Thought for the Month (June 2016)
Why do we look forward so much to the appointment of a full-time stipendiary ordained Minister for our Group of Churches? Because we've always had one? Because it is comforting to know "someone" is in charge, that there is a senior figure to go to if we are in spiritual need? Or to preside over the communion services and three offices of birth, death and marriage?
The United Reformed Churches in our group should be better off in dealing with the "vacancy" than Vale Royal Methodists who are also technically without a Minister. The URC Churches have known interregnums before but, in my time in Tunbridge Wells, I know Vale Royal Methodist Church has never been without a Minister or the promise of a Minister Elect, so this situation is new to them. (When Rev. Steve Mann moved on, the Methodist circuit decided there would be no direct replacement for him).
What do we look for in a new Minister? Here is some of what the Group Churches wrote in their Pastoral Profiles about the kind of Minister they hoped for. (The Pastoral Profile is the document which is posted on the website of each Synod across the nation, and is the means of both advertising our Ministerial vacancy and attracting a response.)
"We look to a Minister's role in keeping the fellowship between the three Churches alive whilst encouraging each to develop in ways specific to their own locations. All three Churches hope for the wisdom of an ordained Minister to give direction to their work, particularly in Evangelism & Church growth. Encouragement for the small Sunday Schools at Rusthall and Tunbridge Wells, and help in starting one at Hawkenbury would be a bonus."
"An important part of the Ministry will be encouraging, training and building-up lay leadership in each Church. In addition, the present sharing of buildings, activities and worship at Tunbridge Wells URC with Vale Royal Methodist Church adds another factor."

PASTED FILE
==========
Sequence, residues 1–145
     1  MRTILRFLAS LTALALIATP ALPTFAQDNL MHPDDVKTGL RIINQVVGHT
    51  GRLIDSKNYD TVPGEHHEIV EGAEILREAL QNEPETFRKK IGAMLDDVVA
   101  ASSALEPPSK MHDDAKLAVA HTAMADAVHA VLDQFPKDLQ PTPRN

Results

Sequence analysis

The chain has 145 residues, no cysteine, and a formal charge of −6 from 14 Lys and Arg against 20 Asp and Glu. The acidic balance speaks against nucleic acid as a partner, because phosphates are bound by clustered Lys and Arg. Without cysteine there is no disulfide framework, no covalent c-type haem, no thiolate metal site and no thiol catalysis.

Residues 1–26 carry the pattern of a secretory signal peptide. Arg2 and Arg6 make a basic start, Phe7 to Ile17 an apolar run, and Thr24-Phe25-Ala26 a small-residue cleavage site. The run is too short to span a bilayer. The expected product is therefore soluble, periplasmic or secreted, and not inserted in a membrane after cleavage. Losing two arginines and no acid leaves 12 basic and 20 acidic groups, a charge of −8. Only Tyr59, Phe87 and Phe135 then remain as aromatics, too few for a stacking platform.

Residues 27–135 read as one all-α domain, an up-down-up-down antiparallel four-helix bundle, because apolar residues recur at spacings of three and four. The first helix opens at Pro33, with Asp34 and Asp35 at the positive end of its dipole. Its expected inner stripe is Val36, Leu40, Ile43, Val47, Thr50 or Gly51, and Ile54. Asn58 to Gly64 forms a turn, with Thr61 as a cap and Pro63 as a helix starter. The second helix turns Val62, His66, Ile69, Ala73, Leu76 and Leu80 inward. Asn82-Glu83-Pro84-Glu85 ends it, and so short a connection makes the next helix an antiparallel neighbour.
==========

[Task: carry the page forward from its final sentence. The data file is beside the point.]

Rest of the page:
I note that the line about "wisdom of an ordained Minister" answers one of the questions I posed at the start of this letter for, although our Elders and Stewards have proved equal to keeping our Churches jogging along, and although Tunbridge Wells URC has the valued assistance of lay-workers from the Methodist circuit, it can feel a bit draughty. But the word which stands out to me in the "hoped for" list for a stipendiary Minister is the word "encouragement"; encouragement for the training and building up of lay leadership in each Church: that, folks, involves all of us and not just the Minister. So does the phrase "giving direction to our work in evangelism and Church growth."
In compiling the Group Pastoral Profile, it would have been easy to make a list of all the things we wanted a Minister to do for us, but it seemed wiser to indicate that – rather than expecting an incoming Minister to do all the jobs – we, the congregations of the Churches, were looking to take an active part in doing them ourselves. When, and it will be "when" and not "if", a prospective Ministry candidate for this group of Churches comes forward, I do hope that all our people will see this as a great opportunity to extend their roles in the Church and to give active support to the new Minster; to be ready to be "encouraged and trained" in taking up enlarged responsibilities in our Churches, rather than just sitting-back and expecting him/her to do all for us.
Bob Webb (Secretary and Elder, Tunbridge Wells URC)
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